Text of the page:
NASA spacecraft sets solar-power distance record

On January 13, NASA’s Juno mission to Jupiter broke a new record. Juno was approximately 493 million miles from the sun — making it the most distant solar-powered craft ever.

The previous record-holder was the European Space Agency’s Rosetta spacecraft, which reached about 492-million-miles away in 2012.

NASA's Juno Spacecraft. (Image Credit: NASA/JPL-Caltech)
NASA’s Juno Spacecraft. (Image Credit: NASA/JPL-Caltech)

“Juno is all about pushing the edge of technology to help us learn about our origins,” said Scott Bolton, Juno principal investigator at the Southwest Research Institute in San Antonio. “We use every known technique to see through Jupiter’s clouds and reveal the secrets Jupiter holds of our solar system’s early history. It just seems right that the sun is helping us learn about the origin of Jupiter and the other planets that orbit it.”

Juno, the first solar-powered spacecraft designed to operate at such a great distance from the sun, was launched five years and is expected to reach Jupiter by July of this year.

The craft has a large surface area covered in solar panels (18,698 individual solar cells, to be exact) in order to generate adequate power during its journey.  At Earth distance from the sun, the cells have the potential to generate approximately 14 kilowatts of electricity, but the real challenge remains in transporting those same rectangles of silicon and gallium arsenide to planets further from the sun.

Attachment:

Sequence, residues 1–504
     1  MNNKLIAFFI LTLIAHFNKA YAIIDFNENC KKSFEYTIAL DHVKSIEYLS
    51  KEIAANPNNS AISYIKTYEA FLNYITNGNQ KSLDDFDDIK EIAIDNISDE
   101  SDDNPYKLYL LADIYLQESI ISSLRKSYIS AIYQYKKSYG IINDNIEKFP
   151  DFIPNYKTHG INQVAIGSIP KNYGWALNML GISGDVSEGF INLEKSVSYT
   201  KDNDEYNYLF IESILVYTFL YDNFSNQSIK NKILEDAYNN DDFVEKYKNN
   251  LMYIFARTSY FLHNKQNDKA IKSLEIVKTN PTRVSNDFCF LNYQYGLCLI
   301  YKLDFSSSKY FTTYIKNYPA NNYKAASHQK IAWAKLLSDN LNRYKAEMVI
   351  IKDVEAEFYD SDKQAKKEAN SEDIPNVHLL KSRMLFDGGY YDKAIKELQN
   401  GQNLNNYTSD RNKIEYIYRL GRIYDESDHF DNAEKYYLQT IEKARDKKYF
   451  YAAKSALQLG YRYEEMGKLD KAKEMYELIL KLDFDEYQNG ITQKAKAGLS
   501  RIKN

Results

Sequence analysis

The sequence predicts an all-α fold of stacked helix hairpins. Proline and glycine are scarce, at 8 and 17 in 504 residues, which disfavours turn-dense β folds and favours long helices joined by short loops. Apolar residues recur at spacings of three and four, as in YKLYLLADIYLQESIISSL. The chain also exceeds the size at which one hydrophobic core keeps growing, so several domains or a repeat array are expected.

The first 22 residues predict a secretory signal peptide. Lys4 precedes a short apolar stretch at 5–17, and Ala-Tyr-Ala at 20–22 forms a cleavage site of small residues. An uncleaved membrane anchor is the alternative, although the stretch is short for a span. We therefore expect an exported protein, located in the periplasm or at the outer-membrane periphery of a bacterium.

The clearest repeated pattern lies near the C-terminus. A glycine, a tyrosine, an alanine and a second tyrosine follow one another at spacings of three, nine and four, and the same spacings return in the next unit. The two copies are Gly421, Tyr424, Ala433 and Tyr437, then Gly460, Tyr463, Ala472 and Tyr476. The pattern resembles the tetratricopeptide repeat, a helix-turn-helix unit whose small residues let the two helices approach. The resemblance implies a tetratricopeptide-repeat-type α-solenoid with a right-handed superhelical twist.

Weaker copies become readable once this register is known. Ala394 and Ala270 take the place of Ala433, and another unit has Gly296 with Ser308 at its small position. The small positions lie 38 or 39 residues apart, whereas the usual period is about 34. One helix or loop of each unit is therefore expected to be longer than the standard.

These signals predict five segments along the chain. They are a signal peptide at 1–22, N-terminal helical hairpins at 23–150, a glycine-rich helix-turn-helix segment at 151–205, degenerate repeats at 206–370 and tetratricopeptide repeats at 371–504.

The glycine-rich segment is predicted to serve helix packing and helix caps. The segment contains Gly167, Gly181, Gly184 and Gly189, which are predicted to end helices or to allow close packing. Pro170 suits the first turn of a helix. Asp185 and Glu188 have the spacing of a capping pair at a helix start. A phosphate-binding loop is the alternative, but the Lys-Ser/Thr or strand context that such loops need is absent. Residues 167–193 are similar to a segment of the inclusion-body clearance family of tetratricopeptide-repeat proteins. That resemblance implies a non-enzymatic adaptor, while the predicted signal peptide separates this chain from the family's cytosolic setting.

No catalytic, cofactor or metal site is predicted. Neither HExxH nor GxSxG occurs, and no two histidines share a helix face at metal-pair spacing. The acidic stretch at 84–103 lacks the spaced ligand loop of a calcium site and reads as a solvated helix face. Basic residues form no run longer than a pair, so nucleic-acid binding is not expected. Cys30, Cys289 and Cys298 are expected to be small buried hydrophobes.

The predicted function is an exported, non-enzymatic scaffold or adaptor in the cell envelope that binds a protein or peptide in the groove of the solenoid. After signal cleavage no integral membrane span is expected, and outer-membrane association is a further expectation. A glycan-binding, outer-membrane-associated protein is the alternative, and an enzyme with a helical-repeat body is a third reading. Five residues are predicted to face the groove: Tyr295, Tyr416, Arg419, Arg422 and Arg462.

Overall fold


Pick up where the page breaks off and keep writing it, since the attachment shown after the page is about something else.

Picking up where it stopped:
“Jupiter is five times farther from the sun than Earth, and the sunlight that reaches that far out packs 25 times less punch,” said Rick Nybakken, Juno’s project manager from NASA’s Jet Propulsion Laboratory in Pasadena, Calif. “While our massive solar arrays will be generating only 500 watts when we are at Jupiter, Juno is very efficiently designed, and it will be more than enough to get the job done.”

Before Juno, a total of eight spacecraft have navigated as far out as Jupiter, but they all used nuclear power sources to get there. Solar power is possible on Juno due to improved solar-cell performance, energy-efficient instruments and spacecraft, a mission design that can avoid Jupiter’s shadow, and a polar orbit that minimizes the total radiation. Juno’s maximum distance from the sun during its 16-month science mission will be about 517 million miles, marking an almost five percent increase in the record for solar-powered space vehicles.

“It is cool we got the record and that our dedicated team of engineers and scientists can chalk up another first in space exploration,” said Bolton. “But the best is yet to come. We are achieving these records and venturing so far out for a reason — to better understand the biggest world in our solar system and thereby better understand where we came from.”

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